For surface marker analysis, cells were treated with 0.5% mouse serum (Dako, Glostrup, Denmark) for 15 min at 4°C to block the FcR, and stained with the following mAbs conjugated to FITC or PE for direct fluorescein: CD3, CD45RA, and CD45RO (Becton Dickinson); CCR-2, CXCR-1, CXCR-2, CXCR-3, and CXCR-5 (R&D Systems); CD28, CCR-5, and CXCR-4 (PharMingen). Cells were also stained with the corresponding FITC- or PE-conjugated isotype-matched control mAb (all from Becton Dickinson). In indirect staining, cells were incubated with biotin-conjugated anti-CCR-1 mAb (clone 141-2) or biotin-conjugated anti-CCR-3 mAb (clone 444-11) for 30 min at 4°C, washed twice with cold PBS, and subsequently stained with FITC-conjugated avidin (Becton Dickinson) for 30 min at 4°C. Thereafter, cells were washed twice, and suspended in PBS containing 0.2 μg/ml propidium iodide (Sigma; St. Louis, MO) to exclude dead cells. Analysis of fluorescence staining was performed with a FACScalibur flow cytometer (Becton Dickinson) and CELLQuest Software. The expression levels of CCR-1 and CCR-3 were also confirmed by flow cytometry with anti-CCR-1 mAb (R&D Systems) and anti-CCR-3 mAb (R&D Systems).

RNA from each sample (5 × 106) was isolated using Trizol LS reagent (Life Technologies, Gaithersburg, MD). The first strand cDNA kit (SuperScript Preamplication System; Life Technologies) was used to make cDNA (20 μl) from 5 μg of each RNA. Amplification of each cDNA (1 μl) was performed with a SuperTaq Premix kit (Sawady Technology, Tokyo, Japan) using the specific primers of CCR-7 (16) and CXCR-3 (18). Specific primers for β-actin (Toyobo, Osaka, Japan) were also used for amplification. To activate DNA polymerase, preheating (95°C for 5 min) was performed. The reaction mixture was then subjected to 30 cycles of PCR under the following conditions: CCR-7, 94°C for 1 min, 61.5°C for 2 min, and 72°C for 3 min; CXCR-3, 94°C for 30 s, 56°C for 30 s, and 72°C for 30 s. Following these procedures, a final extension (72°C for 10 min) was performed. PCR products were analyzed by electrophoresis through 2% agarose gels and visualized under UV light after ethidium bromide staining.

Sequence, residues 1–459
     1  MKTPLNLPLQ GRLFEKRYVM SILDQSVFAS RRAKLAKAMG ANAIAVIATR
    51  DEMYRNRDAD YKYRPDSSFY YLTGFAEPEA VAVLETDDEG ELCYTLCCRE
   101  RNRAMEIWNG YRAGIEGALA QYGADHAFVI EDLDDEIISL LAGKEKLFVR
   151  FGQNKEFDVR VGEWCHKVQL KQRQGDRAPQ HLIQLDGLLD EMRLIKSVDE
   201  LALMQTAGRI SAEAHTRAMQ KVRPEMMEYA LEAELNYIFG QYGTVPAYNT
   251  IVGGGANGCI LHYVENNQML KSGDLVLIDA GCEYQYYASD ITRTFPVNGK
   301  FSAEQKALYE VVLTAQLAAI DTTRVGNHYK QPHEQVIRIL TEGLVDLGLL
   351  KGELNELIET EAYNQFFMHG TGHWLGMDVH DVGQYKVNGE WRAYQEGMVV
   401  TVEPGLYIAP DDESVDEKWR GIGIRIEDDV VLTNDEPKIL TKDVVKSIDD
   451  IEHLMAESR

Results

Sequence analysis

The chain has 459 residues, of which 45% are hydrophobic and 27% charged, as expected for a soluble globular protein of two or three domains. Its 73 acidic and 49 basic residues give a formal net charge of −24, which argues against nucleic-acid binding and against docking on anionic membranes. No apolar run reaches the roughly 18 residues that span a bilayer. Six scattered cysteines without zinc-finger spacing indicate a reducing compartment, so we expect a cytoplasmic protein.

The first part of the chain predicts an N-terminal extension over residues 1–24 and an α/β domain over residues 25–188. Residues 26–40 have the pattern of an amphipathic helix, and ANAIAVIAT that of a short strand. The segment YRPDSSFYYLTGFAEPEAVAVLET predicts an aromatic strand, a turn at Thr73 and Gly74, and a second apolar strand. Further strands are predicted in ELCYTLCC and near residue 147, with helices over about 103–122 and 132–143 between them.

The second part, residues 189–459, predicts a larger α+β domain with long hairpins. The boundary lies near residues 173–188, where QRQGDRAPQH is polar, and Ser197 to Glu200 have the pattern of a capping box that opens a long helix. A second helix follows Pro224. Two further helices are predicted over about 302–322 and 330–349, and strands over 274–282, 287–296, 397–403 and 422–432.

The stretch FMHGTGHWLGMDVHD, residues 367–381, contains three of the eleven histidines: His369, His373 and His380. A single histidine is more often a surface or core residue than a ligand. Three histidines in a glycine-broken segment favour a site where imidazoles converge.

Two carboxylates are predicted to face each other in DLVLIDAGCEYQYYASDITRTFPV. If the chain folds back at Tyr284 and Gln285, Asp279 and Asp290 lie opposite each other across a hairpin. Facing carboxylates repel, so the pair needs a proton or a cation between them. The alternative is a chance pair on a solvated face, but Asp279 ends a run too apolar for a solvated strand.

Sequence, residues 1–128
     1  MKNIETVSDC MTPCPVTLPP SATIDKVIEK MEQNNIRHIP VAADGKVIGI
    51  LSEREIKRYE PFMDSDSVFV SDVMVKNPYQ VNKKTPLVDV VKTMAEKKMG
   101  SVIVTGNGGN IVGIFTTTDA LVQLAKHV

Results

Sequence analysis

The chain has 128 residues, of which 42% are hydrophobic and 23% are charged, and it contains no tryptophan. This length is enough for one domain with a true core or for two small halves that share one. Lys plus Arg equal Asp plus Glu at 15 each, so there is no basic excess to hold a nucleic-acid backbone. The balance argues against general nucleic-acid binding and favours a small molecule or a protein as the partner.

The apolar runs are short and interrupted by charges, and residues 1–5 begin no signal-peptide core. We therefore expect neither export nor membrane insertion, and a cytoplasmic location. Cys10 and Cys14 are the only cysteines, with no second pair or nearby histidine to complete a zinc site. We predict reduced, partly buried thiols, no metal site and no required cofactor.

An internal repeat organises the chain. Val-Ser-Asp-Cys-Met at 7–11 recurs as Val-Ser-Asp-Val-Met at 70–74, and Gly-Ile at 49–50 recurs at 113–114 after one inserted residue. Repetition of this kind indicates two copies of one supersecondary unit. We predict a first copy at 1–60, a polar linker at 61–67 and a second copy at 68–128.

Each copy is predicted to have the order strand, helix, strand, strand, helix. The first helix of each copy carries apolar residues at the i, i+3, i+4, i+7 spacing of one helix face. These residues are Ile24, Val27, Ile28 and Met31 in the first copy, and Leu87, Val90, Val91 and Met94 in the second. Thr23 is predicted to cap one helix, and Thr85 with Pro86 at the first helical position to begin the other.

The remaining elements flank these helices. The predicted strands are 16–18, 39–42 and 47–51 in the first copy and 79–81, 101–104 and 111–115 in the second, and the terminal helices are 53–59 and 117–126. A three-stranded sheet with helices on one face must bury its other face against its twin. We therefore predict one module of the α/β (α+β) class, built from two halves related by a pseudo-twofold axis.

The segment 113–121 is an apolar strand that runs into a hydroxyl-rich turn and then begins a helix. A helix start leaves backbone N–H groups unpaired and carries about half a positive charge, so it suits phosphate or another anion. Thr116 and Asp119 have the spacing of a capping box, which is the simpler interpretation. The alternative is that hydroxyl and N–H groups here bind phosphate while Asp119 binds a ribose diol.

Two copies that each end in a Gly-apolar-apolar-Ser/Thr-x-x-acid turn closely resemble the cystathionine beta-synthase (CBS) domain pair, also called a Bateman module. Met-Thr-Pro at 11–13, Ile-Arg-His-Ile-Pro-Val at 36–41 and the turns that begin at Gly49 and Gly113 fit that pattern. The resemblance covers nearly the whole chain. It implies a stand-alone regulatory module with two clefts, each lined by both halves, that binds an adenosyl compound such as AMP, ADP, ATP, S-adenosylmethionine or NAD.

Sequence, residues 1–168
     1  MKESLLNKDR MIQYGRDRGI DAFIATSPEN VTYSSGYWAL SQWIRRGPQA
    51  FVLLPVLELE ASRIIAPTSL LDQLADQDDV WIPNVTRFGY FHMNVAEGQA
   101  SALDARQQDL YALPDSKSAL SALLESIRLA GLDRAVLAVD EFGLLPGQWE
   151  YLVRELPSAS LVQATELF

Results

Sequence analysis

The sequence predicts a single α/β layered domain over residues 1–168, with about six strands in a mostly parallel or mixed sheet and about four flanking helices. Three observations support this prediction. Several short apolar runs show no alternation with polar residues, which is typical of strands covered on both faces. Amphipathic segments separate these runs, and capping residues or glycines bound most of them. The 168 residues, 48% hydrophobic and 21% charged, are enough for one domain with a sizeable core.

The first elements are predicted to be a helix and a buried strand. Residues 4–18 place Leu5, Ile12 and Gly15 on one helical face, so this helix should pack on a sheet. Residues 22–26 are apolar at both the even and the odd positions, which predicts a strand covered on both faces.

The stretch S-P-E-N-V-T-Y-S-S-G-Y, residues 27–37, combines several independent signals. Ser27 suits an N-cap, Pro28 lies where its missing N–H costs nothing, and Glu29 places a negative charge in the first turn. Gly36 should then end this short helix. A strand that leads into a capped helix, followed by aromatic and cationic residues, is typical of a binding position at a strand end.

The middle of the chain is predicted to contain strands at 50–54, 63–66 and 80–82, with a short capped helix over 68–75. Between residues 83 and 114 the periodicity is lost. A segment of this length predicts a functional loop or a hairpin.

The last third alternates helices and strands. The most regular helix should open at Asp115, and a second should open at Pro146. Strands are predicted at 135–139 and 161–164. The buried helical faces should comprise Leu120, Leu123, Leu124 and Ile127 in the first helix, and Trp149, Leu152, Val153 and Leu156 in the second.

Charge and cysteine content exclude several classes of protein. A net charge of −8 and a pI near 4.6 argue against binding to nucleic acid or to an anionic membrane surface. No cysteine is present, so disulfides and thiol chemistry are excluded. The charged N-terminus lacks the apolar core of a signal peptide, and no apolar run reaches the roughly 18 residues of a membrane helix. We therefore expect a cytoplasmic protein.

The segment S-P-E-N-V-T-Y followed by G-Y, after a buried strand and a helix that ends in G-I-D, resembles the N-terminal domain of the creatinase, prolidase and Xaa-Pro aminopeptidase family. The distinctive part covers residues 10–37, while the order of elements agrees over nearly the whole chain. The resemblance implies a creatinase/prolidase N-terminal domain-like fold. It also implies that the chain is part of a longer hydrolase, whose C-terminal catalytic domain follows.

The in vitro migration of T cells and their subsets was assessed in a Transwell cell culture chamber (Costar, Cambridge, MA), as described previously (3, 4, 5, 6, 7, 12), with some modifications (15, 16). In brief, 5-μm-pore-size polycarbonate filters were precoated with 5 μg of gelatin (WAKO, Osaka, Japan) in a volume of 50 μl on the lower surface, and dried overnight at room temperature. The coated filters were washed in PBS and then dried immediately before use. Cells (5 × 105/100 μl) were added to the upper compartment of the chamber. Chemokines (1–100 ng/ml) diluted in serum-free culture medium (600 μl) were loaded in the lower compartment. After a 2-h incubation at 37°C, the filters were fixed with methanol and stained with hematoxylin and eosin (all from WAKO). Cells on the upper surface of the filters were removed by wiping with cotton swabs. Cells that had migrated to various areas of the lower surface were manually counted under a microscope at a magnification of ×200, and each assay was performed in triplicate. The data are expressed as number of migrated cells/high power field. We also performed checkerboard control assay for each distinct chemotaxis assay, and the migration was not observed in the absence of a chemokine gradient (data not shown), indicating that the migratory response to these chemokines by these T cells was chemotactic and not due to chemokinesis.

Accumulating results indicate that leukocyte migration from the circulation into inflammatory sites is mediated through chemotaxis, which is regulated by specific interactions between chemokine and their receptors (2, 3, 4, 5, 6, 7, 8, 9, 10, 11, 12, 13, 14). To better understand the chemokine receptor expressions and responsiveness of CB T cells, PB T cells and CB T cells were isolated from PBMNCs and CBMNCs (Fig. 1,A) (17), and the chemotactic properties of the these T cells were examined. Flow-cytometric analysis showed that PB T cells expressed CCR-1, CCR-2, CCR-5, CCR-6, CXCR-3, and CXCR-4, but not CXCR-1, CXCR-2, and CXCR-5, on their surface (Table I and Fig. 1,B), consistent with previous reports (2, 3, 4, 5, 6, 7, 8, 9). In contrast, CB T cells expressed CXCR-4, but not any CCRs or other CXCRs, on their surface (Table I and Fig. 1 B).

FIGURE 1.

Expressions of CCRs and CXCRs in PB T cells and CB T cells. A, Characterization of PB T cells and CB T cells. PB and CB T cells were stained with the stated mAbs or isotype-matched mAbs, and their cell surface expressions were analyzed by FACS. Data are represented by a dot plot with a statistical analysis. B, Cell surface expressions of CCRs and CXCRs in PB T cells and CB T cells. PB and CB T cells were stained with the stated mAbs or isotype-matched mAbs, and their cell surface expressions were analyzed by FACS. Data are represented by a histogram. Cells were stained with stated mAbs (thick lines) or isotype-matched mAbs (thin lines). The results are representative of 20 experiments performed with similar results.

FIGURE 1.